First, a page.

As for causing an obstruction (and that was the charge laid against him) he had, he told the magistrate, made all efforts to ask his audience to stand to one side so pedestrians could pass by. Today Packington Street is a through road that leads to the busy Essex Road, but the houses on it (smart Victorian terraces) suggest that in the 1860s this was a wide street which may have carried considerable local traffic.

The police, in the person of Inspector Wiseman, argued that while it wasn’t Edwards himself that was causing the obstruction he was responsible for the crowd of well-wishers and nay-sayers that had surrounded him. It was happening on such a regular basis, Wiseman continued, as to have become a nuisance even if that wasn’t the preacher’s intention.

Edwards apologised and said he would certainly ‘not go there again if it was wrong’. Mr Barker, the magistrate, told him that he had committed an offence which carried a potential fine of £5 but he would not, on this occasion, impose it. However, if he appeared before him again he could expect the full weight of the law to fall upon him.

Mr Edwards ‘thanked his Worship’ and left with his supporters. The cause of Temperance had been highlighted in the newspapers, and that, perhaps, was part of his strategy.

[from The Morning Post, Tuesday, March 27, 1866]

The wrong sort of military violence

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The Crimean War had raised some concerns about the quality of recruits to the British army and about the diseases they were exposed to at home and abroad. Large numbers of soldiers were admitted to military hospitals suffering from sexually transmitted conditions, and in the aftermath of the war attempts were made to control prostitution  and general disease with the passing of the (ultimately ineffectual) Contagious Diseases Acts (1864, 1866, and 1869).

Disease and prostitution went had-in-hand with off-duty drinking, another problem for the military authorities. Not infrequently soldiers fell foul of the civil authorities as a result of their commitment to ‘boozing’, and many of them found their way into the Police Courts. In March 1859 (three years after the Crimean War ended) a number of soldiers appeared in front of London magistrates.

At Lambeth Police Court George Robinson and Richard Burns (privates in the Grenadier Guards) were charged with being drunk and disorderly at the Crown pub. The story is interesting for one of the details which then links this to another case, at Southwark, on the same day.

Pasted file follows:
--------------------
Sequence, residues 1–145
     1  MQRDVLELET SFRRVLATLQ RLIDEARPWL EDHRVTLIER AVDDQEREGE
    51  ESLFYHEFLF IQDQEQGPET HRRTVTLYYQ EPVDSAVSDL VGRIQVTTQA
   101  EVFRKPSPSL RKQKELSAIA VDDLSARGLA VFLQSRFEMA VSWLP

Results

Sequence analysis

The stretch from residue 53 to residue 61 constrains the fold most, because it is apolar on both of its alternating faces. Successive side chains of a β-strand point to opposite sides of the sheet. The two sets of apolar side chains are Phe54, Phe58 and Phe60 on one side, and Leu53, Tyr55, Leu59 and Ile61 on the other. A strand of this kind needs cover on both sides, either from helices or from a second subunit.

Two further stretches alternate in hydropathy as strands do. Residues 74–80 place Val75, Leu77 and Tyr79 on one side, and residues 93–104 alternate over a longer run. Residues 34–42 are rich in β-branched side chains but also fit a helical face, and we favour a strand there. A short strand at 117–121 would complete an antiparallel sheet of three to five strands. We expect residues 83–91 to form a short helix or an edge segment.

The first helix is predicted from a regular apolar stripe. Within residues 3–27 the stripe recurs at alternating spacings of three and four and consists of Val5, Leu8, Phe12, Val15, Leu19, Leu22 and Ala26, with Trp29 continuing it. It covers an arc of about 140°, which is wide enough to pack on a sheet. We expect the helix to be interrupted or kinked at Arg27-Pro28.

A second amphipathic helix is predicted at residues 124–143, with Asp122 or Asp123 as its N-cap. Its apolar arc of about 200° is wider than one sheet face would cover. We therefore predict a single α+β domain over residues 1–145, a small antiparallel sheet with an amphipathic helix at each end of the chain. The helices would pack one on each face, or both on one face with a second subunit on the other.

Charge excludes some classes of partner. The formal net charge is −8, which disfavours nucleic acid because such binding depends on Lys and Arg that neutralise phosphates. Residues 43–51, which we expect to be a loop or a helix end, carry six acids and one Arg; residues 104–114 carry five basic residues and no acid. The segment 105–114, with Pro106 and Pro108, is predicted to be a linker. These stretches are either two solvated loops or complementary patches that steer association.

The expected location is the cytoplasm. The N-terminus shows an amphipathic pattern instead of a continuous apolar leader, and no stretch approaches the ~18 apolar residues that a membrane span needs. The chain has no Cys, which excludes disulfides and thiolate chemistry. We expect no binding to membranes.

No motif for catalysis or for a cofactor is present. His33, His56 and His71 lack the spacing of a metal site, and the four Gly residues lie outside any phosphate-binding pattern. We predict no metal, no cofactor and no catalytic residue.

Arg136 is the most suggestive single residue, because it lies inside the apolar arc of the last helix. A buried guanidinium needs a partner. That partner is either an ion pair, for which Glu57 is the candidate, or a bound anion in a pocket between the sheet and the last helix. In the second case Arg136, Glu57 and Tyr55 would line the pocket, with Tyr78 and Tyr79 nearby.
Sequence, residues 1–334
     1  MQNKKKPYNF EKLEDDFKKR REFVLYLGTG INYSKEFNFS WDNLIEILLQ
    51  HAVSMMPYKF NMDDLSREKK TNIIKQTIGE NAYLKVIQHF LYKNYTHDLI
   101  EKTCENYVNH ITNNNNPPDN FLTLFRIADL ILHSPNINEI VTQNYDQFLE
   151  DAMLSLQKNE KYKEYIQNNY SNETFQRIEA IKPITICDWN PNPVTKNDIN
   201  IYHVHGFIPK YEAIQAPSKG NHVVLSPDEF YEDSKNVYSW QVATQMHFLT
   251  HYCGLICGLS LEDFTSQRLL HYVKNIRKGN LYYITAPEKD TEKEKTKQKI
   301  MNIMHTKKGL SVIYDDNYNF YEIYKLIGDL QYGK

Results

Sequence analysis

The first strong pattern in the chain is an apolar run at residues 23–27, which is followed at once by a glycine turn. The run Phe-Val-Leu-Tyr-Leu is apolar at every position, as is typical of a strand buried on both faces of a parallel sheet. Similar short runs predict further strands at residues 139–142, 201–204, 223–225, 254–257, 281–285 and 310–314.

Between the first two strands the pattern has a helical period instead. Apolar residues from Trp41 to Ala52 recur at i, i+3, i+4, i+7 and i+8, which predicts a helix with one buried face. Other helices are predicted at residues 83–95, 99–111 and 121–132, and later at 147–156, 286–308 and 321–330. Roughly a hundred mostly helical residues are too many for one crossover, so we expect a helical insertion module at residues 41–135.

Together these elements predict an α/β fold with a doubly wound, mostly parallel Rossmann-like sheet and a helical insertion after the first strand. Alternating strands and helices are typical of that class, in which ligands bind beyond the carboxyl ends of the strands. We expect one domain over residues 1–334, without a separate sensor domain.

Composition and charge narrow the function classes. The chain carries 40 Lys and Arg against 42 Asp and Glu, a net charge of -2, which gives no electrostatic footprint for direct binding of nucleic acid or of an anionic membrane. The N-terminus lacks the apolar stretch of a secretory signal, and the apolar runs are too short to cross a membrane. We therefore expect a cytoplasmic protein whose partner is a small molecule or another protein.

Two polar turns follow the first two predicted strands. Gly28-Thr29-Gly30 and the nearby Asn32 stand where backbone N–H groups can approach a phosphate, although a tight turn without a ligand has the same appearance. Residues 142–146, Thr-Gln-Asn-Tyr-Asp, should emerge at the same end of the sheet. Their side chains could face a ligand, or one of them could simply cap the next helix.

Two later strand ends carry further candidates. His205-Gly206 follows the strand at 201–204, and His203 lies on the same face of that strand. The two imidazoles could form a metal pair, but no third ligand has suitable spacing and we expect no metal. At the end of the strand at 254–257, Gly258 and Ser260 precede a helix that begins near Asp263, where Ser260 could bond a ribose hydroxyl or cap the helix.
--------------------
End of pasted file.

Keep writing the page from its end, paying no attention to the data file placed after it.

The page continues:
The pair had entered the Crown on the evening of 17 March and while they weren’t Irish they were ‘keeping up’ St Patrick’s Day. They were already drunk however, and the landlord, a Mr Broadhurst, refused to serve them. Landlords were obliged to keep good order and refusing more alcohol to the already semi-inebriated was a wise move. Unfortunately for Broadhurst and his son, who was also serving behind the bar, this only provoked trouble from the soldiers.

Having been denied beer they attempted to get over the bar and help themselves. As the Broadhursts tried to stop them they were attacked. Burns took off his heavy leather belt and started to strike young master Broadhurst with it.

The police were called and they were marched off to the station, but not before several panes of glass had been smashed and a number of people injured, including the police who arrested them. The magistrates fined them 10s or 10 day in prison for wilful damage and a further 10s for the violence.

Over at Southwark a similar case of drunken military violence was being heard. John Whitsey (of the Coldstream Guards) was accused of assaulting a policeman and a member of the public, whilst drunk on Borough High Street.

PC James McCarthy (134M) was on his beat at 11.15 at night when he heard a disturbance. He saw Whitsey punch a man, knocking him to the floor. When the man got up, the guardsman hit him again, returning him to the street. When PC McCarthy tried to intervene Whitsey turned don him, kicking out and trying to take his legs from under him. All the time the guardsman was using ‘the most disgusting language’ McCarthy had ever heard.